1.3.5 - Reducing Emissions

Version 3



    Reducing emissions is now a major imperative for most countries, whether it's point source pollution in large cities or carbon dioxide (CO2) which contributes to global warming.

    Industrial activities also have an impact, of course, but here the focus is on road mobility.


    Emissions related to road mobility are not limited to those produced by vehicles, so-called tank-to-wheel emissions. In fact, extracting and transporting petroleum then refining and transporting fuel all use energy that releases so-called well-to-tank emissions. The same is true for biofuel between the production site and the tank.


    That's not the case for electric vehicles since no tank-to-wheel emissions are produced. Well-to-wheel emissions are therefore those that are produced all the way from the primary energy source to the battery or fuel cell. These emissions depend on the country's energy mix. Therefore an electric vehicle can indirectly release polluting emissions and carbon dioxide if the country's electricity is produced in thermal power stations, especially coal-fired plants...


    Taking on the problem of emissions as a whole requires taking into consideration each country's specific circumstances. Here we focus specifically on the tank-to-wheel aspects: the fuel, the vehicle's fuel consumption, and exhaust gas after-treatment.

    Reducing air pollution emissions

    There has been a significant decrease in urban pollution despite an increase in traffic, in no small part because internal combustion vehicles are regularly checked and constantly improved, namely with increasingly strict electronic combustion control systems. Consequently, 80 % of the remaining pollution comes from 20 % of the oldest vehicles.
    We must go further, and manufacturers have produced prototypes that are even more efficient, particularly for spark-ignition engines.
    Unfortunately, traffic jams remain a problem since the engines are at their least efficient (5 %). Of course, stop and start systems and regenerative braking limit emissions when the engine is restarted, but they can't make up for the energy used to propel the vehicle forward! Reducing emissions is therefore another reason to enhance connectivity in order to improve traffic flow.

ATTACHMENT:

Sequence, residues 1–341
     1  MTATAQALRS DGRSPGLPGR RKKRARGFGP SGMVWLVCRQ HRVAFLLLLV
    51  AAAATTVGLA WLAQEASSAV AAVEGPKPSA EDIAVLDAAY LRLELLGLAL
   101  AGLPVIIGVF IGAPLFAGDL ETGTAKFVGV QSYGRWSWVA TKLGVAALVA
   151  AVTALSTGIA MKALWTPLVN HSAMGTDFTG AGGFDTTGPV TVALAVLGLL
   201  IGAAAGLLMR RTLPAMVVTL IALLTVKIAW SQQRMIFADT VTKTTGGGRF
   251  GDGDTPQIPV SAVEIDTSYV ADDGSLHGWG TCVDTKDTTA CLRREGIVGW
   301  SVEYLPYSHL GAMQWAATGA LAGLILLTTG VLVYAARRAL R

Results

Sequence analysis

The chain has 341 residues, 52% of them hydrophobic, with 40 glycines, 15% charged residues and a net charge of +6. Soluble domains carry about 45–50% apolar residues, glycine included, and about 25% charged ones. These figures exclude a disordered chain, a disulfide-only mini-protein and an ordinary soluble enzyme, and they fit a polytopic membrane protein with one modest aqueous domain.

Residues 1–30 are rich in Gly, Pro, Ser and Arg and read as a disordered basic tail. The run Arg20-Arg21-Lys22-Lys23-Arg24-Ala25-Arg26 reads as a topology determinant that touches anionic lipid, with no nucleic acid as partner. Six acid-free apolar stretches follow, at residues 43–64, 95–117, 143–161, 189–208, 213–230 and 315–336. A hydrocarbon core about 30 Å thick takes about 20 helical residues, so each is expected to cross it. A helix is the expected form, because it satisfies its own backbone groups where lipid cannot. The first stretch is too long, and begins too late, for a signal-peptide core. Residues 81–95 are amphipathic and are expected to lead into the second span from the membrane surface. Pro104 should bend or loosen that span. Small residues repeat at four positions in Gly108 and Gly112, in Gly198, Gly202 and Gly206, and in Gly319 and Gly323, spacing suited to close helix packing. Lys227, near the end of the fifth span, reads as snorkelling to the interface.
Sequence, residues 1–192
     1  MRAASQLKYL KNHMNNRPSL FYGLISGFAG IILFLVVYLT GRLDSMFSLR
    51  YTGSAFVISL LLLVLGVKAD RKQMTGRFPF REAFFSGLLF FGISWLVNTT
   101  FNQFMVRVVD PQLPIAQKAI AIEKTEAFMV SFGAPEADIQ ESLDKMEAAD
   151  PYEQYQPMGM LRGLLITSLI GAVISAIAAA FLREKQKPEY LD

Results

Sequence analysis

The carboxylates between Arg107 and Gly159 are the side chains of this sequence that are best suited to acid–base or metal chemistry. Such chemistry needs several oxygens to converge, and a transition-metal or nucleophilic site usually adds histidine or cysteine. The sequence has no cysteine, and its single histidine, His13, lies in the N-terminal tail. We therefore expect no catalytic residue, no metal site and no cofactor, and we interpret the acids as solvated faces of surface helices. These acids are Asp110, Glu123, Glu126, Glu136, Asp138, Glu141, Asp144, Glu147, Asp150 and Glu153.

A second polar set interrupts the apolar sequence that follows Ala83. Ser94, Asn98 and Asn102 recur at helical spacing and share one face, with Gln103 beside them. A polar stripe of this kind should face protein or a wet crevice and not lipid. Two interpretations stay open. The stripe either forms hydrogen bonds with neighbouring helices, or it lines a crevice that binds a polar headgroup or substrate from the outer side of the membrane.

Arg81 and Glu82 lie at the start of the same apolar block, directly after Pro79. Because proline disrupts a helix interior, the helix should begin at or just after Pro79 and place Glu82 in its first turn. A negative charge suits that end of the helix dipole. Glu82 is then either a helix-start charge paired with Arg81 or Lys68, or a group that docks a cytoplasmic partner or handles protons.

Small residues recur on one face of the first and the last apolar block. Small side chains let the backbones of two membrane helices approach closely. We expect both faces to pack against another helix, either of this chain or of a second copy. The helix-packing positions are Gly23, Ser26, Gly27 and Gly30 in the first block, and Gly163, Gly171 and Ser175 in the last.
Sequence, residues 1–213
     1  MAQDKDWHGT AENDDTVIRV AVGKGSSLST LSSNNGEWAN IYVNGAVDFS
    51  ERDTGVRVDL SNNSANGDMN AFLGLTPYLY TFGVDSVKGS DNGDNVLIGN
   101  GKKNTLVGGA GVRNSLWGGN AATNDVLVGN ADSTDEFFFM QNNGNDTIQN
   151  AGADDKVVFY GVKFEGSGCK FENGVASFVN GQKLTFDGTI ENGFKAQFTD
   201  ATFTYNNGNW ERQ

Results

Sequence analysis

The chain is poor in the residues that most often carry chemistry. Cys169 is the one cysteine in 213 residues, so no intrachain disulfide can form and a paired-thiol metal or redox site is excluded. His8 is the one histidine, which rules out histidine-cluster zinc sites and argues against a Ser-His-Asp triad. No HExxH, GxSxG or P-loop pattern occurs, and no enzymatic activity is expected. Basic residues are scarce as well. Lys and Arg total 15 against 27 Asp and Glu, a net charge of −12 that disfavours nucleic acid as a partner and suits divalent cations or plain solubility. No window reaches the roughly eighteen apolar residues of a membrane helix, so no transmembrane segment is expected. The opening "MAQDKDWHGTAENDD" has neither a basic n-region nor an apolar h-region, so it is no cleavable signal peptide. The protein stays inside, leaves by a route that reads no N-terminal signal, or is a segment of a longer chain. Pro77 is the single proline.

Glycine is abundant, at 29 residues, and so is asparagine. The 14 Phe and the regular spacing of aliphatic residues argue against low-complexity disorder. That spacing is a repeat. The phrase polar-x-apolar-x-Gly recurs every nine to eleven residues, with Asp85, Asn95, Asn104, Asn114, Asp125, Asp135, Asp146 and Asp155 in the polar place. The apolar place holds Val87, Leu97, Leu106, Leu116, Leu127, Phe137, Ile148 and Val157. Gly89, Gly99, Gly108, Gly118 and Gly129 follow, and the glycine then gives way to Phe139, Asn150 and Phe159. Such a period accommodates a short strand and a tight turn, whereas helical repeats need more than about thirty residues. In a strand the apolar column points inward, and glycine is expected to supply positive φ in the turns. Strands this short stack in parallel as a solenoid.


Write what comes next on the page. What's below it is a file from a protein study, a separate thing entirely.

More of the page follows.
Possible illustration: diesel fuel desulfurization in the USA and Europe. Book Andre Douaud  p.106

    How can we reduce CO2 emissions?

    First of all, by improving fuel efficiency. Car manufacturers play a primary role, but drivers can also do their part by using a vehicle that is fuel-efficient, well-maintained, and equipped with energy-efficient tires. They can also adopt energy-efficient driving techniques and avoid traffic jams.

    Additionally, drivers can also choose alternative fuels such as natural gases with the best hydrogen/carbon ratios, or biofuels. The advantage of biofuels is that they recycle atmospheric CO2 used in plant growth.  Priority is given to non-food biomass production.

    Finally, the most promising option is undoubtedly hybrid vehicles as a first step, and then electric vehicles. CO2 emissions will then be limited to electric energy production sites which can capture and sequester CO2 (CCS for carbon capture and sequestration). They will depend only on the primary energy source used in energy production.


    Reducing and treating polluting emissions from spark-ignition engines  


    Noticeable improvements have been made in terms of consumption and pollution thanks to the development of so-called "clean" fuels, which are unleaded and contain minimum amounts of sulfur and benzene; the electronic regulation of fuel injection and combustion; hybridization, which provides optimal conditions for internal combustion engines; and aftertreatment of exhaust gas.

    Catalytic converters are used to reduce pollution from spark-ignition engines. This technology is called a three-way catalyst since it simultaneously eliminates the three pollutants (CO, HC, and NOx) and can be used with spark-ignition engines whether they run on gasoline, biofuel, or natural gas.




    Catalytic converters

    Three chemical reactions take place simultaneously: while carbon monoxide CO is oxidized into carbon dioxide CO2 and unburned hydrocarbons HC are oxidized into water H20 and carbon dioxide CO2, nitrogen oxides NOx are reduced to nitrogen N2. The kinetics of these three reactions would be much too slow without the presence of a catalyst at exhaust gas temperature. 

    Catalytic treatment is very effective, operating at close to 90 % efficiency, and very robust. But several requirements must be met:

    • The air-fuel ratio must be as close as possible (better than 1 %) to stoichiometry, that is 14.5 grams of air per gram of fuel, even though fuel efficiency is not optimal at that rate. Only electronically controlled injection can guarantee such precision.